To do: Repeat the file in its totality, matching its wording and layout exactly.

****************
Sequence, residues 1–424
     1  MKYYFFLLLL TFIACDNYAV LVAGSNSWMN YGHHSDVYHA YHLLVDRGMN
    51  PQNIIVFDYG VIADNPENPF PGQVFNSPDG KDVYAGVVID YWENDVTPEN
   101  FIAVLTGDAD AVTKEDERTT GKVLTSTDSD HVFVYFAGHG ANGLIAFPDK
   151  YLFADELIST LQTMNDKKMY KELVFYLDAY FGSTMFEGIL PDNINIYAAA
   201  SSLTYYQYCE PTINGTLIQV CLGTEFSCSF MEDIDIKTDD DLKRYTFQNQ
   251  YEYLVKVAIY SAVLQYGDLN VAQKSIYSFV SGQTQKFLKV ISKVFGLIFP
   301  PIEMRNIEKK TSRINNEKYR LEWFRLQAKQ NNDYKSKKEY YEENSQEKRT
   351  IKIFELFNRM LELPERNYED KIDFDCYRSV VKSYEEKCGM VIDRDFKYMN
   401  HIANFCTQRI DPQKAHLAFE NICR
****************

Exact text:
Sequence, residues 1–424
     1  MKYYFFLLLL TFIACDNYAV LVAGSNSWMN YGHHSDVYHA YHLLVDRGMN
    51  PQNIIVFDYG VIADNPENPF PGQVFNSPDG KDVYAGVVID YWENDVTPEN
   101  FIAVLTGDAD AVTKEDERTT GKVLTSTDSD HVFVYFAGHG ANGLIAFPDK
   151  YLFADELIST LQTMNDKKMY KELVFYLDAY FGSTMFEGIL PDNINIYAAA
   201  SSLTYYQYCE PTINGTLIQV CLGTEFSCSF MEDIDIKTDD DLKRYTFQNQ
   251  YEYLVKVAIY SAVLQYGDLN VAQKSIYSFV SGQTQKFLKV ISKVFGLIFP
   301  PIEMRNIEKK TSRINNEKYR LEWFRLQAKQ NNDYKSKKEY YEENSQEKRT
   351  IKIFELFNRM LELPERNYED KIDFDCYRSV VKSYEEKCGM VIDRDFKYMN
   401  HIANFCTQRI DPQKAHLAFE NICR